the streets of London in a dazzling and gripping story that sees her encounter the Artful Dodger and outwit a devilish plot by Fagin to enslave street children into forced labour. The clever title and cover of this

novel set the tone for a skilfully written and engaging historical adventure which captures

the atmosphere of

Dickensian London perfectly. Dangers, threats, and mysteries lurk everywhere, particularly for women and children, and there is no welfare safety net for the poor. Twill is a courageous protagonist with a strong sense of justice, a feisty attitude and plenty of good ideas. The storytelling is masterly, introducing new and familiar characters and following gripping and intertwining plot threads through short, fast-paced chapters with dramatic scenes and witty, authentic dialogue.

Catherine Bruton has managed to

capture the essence of Dickens and distil it into an accessible and intriguing story full of memorable characters and reflecting contemporary takes on such issues as the status of women and the slave trade.

This book is

highly recommended as a brilliant, funny, pacy, and immersive read and an excellent way into a classic author for young readers. SR

The Acrobats of Agra HHHHH

Robin Scott-Elliot, illus. Holly Ovenden, Everything with Words, 312pp, 9781911427149, £8.99, pbk.

Robin Scott-Elliot’s first novel The Tzar’s Curious Runaways was a terrific debut story for children and this new one does not disappoint. Set against the background of the Indian Mutiny in 1857, it does not skate over the horror of that part of the history of the British in India, but at its heart is the story of an orphan girl taken from her Granny in Scotland to join an aunt in India after the death of her parents there, where she will be reunited with her baby brother George.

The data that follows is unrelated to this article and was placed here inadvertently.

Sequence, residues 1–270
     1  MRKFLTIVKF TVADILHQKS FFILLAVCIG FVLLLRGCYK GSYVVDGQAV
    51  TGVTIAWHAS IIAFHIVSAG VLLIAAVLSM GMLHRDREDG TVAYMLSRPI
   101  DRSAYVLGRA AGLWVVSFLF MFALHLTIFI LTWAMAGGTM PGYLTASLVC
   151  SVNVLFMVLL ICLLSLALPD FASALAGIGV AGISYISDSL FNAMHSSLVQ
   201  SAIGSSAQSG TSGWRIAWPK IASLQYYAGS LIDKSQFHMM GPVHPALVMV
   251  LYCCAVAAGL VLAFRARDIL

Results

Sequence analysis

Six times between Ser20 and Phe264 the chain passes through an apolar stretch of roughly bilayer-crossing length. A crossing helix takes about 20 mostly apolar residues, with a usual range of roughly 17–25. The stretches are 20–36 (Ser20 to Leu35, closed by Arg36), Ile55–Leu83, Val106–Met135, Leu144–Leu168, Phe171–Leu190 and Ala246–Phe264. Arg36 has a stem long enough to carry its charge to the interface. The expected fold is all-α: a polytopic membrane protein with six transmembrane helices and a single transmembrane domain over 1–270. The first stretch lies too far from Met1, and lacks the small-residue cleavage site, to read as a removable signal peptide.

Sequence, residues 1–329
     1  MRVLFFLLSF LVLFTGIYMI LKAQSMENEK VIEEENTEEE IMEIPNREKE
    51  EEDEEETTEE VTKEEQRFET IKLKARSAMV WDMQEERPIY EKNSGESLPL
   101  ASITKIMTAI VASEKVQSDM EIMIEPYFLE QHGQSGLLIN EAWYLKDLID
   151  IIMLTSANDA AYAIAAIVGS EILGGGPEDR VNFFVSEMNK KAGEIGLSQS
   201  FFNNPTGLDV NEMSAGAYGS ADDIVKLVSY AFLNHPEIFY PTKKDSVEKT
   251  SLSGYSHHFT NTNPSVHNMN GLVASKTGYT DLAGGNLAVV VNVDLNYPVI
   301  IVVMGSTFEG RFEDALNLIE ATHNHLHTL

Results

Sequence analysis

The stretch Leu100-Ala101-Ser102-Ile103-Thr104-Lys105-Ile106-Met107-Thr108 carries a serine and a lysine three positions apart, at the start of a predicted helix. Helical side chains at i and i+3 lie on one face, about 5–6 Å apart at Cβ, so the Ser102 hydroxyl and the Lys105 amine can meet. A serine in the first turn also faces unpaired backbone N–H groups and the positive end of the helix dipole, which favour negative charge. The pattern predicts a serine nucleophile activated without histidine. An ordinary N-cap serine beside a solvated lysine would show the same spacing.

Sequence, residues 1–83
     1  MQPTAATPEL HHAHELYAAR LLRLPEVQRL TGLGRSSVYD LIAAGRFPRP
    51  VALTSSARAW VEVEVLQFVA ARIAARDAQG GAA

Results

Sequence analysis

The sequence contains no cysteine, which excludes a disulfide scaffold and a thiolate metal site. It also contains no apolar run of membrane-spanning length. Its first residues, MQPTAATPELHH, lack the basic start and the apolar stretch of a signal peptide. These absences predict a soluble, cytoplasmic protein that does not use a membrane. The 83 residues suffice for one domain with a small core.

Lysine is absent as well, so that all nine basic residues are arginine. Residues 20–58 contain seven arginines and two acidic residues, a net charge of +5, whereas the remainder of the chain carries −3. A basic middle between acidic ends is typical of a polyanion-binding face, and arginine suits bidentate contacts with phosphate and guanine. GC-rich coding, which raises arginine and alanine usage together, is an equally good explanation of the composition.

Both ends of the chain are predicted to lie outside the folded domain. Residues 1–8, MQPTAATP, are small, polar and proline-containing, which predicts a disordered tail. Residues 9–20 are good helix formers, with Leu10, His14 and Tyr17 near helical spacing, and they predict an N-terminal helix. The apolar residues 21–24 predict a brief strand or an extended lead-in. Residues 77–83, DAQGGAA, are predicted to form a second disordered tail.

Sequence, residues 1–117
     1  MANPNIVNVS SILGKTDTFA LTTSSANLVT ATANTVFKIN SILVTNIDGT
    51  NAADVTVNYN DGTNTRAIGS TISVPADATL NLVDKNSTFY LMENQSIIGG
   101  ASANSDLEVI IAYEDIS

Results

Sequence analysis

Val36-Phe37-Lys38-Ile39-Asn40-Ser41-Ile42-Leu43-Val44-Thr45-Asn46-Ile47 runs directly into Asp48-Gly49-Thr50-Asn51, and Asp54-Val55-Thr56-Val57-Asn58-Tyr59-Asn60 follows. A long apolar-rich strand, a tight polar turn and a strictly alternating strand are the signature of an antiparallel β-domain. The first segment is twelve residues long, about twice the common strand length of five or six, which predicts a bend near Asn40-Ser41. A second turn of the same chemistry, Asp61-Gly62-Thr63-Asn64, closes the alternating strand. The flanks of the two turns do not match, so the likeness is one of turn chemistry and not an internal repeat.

is a rebel and at the circus on her arrival in Agra she sees her dream come to life in front of her eyes, to be an acrobat in a circus.


as this may seem, events allow her to encounter the Great Romanini and together with Pin, the Indian boy who turns the pages of the books of her uncle, the Governor, and Tonton the tiger they set out to find George, and along the way Beatrice becomes an acrobat. This is an adventure story with

everything one can possibly imagine within its pages, a plucky heroine, a French

high wire acrobat, a

resourceful Indian boy who can see a different life for himself, and of course the tiger. There are some very thrilling passages, also some which reveal the hatred engendered by the mutiny, and including the marvellous figure of the Rani. The heat of India pulsates from the pages and the descriptions of the palace at Agra make the reader want to see it for herself. It is so good to read a book that is so different in its background, not glossing over